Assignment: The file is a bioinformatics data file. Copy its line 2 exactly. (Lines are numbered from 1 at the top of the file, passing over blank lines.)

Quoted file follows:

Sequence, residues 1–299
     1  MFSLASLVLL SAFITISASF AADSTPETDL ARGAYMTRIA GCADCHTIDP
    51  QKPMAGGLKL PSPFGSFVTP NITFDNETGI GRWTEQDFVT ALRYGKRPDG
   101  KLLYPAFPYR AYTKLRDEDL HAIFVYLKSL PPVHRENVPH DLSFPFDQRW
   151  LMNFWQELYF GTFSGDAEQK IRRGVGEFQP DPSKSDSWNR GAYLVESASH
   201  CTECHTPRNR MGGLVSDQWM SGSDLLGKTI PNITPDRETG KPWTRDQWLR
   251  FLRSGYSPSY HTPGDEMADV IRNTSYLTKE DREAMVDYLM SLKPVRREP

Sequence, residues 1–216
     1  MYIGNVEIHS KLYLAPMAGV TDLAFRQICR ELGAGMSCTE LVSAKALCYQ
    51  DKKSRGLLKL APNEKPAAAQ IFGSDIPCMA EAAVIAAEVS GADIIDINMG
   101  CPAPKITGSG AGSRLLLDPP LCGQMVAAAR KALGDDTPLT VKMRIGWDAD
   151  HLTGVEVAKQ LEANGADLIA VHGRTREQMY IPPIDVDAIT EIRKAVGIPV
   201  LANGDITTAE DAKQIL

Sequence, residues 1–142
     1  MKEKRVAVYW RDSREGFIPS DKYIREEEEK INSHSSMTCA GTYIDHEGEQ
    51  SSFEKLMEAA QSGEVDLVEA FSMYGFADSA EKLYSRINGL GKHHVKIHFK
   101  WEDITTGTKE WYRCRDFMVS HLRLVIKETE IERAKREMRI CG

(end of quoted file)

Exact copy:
     1  MFSLASLVLL SAFITISASF AADSTPETDL ARGAYMTRIA GCADCHTIDP